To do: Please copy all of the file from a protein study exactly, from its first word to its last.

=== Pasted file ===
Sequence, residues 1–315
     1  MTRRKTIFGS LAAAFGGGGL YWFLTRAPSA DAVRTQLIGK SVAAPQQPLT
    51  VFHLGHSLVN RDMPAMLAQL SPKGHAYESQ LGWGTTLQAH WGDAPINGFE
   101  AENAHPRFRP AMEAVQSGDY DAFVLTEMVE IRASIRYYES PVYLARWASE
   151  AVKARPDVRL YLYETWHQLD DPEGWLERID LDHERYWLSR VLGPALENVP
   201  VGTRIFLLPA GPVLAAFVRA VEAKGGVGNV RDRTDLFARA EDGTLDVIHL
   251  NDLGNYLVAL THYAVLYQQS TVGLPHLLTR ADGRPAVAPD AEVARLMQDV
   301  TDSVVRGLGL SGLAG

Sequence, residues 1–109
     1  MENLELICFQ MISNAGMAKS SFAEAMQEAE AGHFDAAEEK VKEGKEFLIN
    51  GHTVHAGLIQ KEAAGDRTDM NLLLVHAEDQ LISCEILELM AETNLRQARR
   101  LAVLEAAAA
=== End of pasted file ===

Sequence, residues 1–315
     1  MTRRKTIFGS LAAAFGGGGL YWFLTRAPSA DAVRTQLIGK SVAAPQQPLT
    51  VFHLGHSLVN RDMPAMLAQL SPKGHAYESQ LGWGTTLQAH WGDAPINGFE
   101  AENAHPRFRP AMEAVQSGDY DAFVLTEMVE IRASIRYYES PVYLARWASE
   151  AVKARPDVRL YLYETWHQLD DPEGWLERID LDHERYWLSR VLGPALENVP
   201  VGTRIFLLPA GPVLAAFVRA VEAKGGVGNV RDRTDLFARA EDGTLDVIHL
   251  NDLGNYLVAL THYAVLYQQS TVGLPHLLTR ADGRPAVAPD AEVARLMQDV
   301  TDSVVRGLGL SGLAG

Sequence, residues 1–109
     1  MENLELICFQ MISNAGMAKS SFAEAMQEAE AGHFDAAEEK VKEGKEFLIN
    51  GHTVHAGLIQ KEAAGDRTDM NLLLVHAEDQ LISCEILELM AETNLRQARR
   101  LAVLEAAAA